Although not chronologically connected in the book itself, I read Chapter Seven as a continuation of (or, perhaps, an addendum to) the genealogical exigencies of Chapters One and Two. It serves as an investigation into the role of litigation in deinstitutionalization and considers its utility as a strategy of abolition. Ben-Moshe discusses several examples of landmark cases and analyzes their consequences, ending with a critique of using disability as a strategy in prison litigation. The key impulse of this chapter is to show that abolition will only be successful by building coalitions among different types of incarcerated populations. Without such coalition-building, results of historical court cases have been “reformist at best” and, at worst, have contributed to “more effective ways to ensure […] confinement.”
The arguments made in Chapters Four through Six are poised to address common misconceptions about and modes of resistance to deinstitutionalization. By dispelling the myth that deinstitutionalization led to a rise in homelessness and incarceration, Ben-Moshe uses the bulk of Chapter Four to interrogate what she calls the ‘new asylums thesis’—the idea that jails have taken the place of psychiatric institutions. She posits that the new asylums thesis pathologizes what should instead be considered a political and socioeconomic issue. Here, Ben-Moshe argues, deinstitutionalization becomes an easy scapegoat for key problems (namely, the growth of prisons and the shrinking of affordable housing) that result from neoliberal policies. This chapter is an ideal primer for Chapters Five and Six, which use Sara Ahmed’s theory of affective economies to describe and analyze logics of resistance to deinstitutionalization. Chapter Five deals largely in an explanation of forms of resistance referred to as NIMBY (not in my backyard) and argues that desegregation of disabled people “followed, paralleled, and intersected with racial desegregation.” It is worth mentioning that Ben-Moshe does the important work not only of avoiding the common analogy between race and disability but also articulating how and why the two movements toward racial and disability justice are fundamentally intersectional, particularly within the arenas of abolition, housing, and social services described in this chapter.
Meanwhile, Chapter Six demonstrates that resistance to institutional closures is often tied with discourses of rights/choice, care/labor, and innocence/safety. Ben-Moshe articulates the different affective responses to the closure of I/DD and psychiatric institutions compared with the closure of prisons, asking the reader to consider how certain languages and ideologies—for example, the language of caring—infantilize and reproduce tropes of disabled people as children. This chapter attends to a feminist analysis of the labor performed in each type of setting and the necessity of such an analysis to creating alternatives to incarceration. While Ben-Moshe usually avoids prescribing solutions to ongoing issues (a choice she touches upon in the book’s Epilogue), Chapter Six gives the reader a rare—and, I would argue, invaluable—glimpse of the possible alternatives to labor unions resisting institutional closure: advocating for better work opportunities in community homes, higher salaries for in-home care attendants, and so forth.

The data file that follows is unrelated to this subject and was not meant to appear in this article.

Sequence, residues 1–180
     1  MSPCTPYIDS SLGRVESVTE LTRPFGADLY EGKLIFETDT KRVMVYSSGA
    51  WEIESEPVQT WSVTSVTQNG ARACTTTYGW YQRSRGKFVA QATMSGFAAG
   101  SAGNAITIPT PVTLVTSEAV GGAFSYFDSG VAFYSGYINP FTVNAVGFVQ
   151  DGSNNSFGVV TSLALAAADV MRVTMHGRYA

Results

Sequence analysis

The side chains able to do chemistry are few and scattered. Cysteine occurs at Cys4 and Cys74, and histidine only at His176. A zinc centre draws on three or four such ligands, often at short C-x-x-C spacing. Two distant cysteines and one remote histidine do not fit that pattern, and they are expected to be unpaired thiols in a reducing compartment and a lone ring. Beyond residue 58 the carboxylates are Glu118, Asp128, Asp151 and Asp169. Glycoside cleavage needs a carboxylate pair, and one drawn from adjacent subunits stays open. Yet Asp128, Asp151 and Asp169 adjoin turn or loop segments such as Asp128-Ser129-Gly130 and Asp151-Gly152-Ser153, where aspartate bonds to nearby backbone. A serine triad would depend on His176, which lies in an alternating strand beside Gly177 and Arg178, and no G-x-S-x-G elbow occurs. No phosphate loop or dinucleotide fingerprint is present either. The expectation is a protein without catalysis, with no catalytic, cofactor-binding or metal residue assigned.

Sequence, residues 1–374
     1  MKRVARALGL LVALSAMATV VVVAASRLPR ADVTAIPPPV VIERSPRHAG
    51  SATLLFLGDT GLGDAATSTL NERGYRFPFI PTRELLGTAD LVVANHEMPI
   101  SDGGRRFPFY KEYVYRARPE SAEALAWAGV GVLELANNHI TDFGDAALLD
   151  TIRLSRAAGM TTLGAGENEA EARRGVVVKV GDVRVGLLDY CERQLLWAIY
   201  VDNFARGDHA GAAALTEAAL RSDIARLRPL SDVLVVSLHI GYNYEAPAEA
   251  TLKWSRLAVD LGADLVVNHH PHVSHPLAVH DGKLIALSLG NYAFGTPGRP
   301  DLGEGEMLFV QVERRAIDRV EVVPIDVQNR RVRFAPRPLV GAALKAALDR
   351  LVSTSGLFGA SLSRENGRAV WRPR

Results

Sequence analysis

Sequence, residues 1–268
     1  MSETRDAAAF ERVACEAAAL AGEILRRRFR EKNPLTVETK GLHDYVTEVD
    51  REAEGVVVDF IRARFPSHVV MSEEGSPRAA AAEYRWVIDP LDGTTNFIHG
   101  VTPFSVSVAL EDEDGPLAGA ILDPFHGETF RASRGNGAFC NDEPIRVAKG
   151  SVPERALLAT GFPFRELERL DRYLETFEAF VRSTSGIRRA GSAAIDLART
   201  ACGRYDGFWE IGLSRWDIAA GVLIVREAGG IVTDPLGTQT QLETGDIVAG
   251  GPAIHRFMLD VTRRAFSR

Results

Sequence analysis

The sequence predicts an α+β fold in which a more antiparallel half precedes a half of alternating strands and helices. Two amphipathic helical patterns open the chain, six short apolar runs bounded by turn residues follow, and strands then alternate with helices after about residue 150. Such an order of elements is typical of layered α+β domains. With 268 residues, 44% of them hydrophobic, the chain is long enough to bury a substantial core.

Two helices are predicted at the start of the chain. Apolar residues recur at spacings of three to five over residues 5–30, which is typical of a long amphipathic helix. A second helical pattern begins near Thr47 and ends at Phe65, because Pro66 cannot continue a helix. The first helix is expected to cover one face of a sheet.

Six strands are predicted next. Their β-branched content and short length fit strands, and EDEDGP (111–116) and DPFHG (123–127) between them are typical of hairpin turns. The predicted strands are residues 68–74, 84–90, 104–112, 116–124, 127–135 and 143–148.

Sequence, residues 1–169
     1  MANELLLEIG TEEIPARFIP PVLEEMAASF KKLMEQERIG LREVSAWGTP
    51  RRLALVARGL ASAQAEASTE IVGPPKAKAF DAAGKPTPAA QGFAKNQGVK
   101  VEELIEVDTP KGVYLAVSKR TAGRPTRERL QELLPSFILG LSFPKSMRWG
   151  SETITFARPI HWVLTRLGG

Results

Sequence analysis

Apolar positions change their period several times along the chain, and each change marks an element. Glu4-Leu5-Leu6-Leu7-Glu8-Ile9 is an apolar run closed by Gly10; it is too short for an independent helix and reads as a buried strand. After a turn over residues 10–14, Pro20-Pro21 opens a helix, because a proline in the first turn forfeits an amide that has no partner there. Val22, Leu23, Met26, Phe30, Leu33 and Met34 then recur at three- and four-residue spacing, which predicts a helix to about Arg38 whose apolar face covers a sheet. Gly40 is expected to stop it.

The Epilogue to Decarcerating Disability offers an effective concluding gesture by tying key deliverables from each of its seven chapters into an analysis of the current status of abolition in the US. In this finale to an intense and extensive study of incarceration and abolitionist movements, Ben-Moshe asks the reader to consider whether we have progressed since the deinstitutionalization impulse of the 1960s and ‘70s. Are group homes and community living arrangements better alternatives to large institutions or merely new forms of subjugation? Are alternatives to incarceration such as psychiatric drugs and house arrest, indeed, alternatives, or do they merely amplify state surveillance? The epilogue thus offers readers the chance to recognize what ground remains to be covered and invites us to invest in a world where incarceration is no longer an option. In Ben-Moshe’s view, such a world is beyond recognition to us now—and indeed will remain beyond recognition until such a time when we are brave enough to pursue it.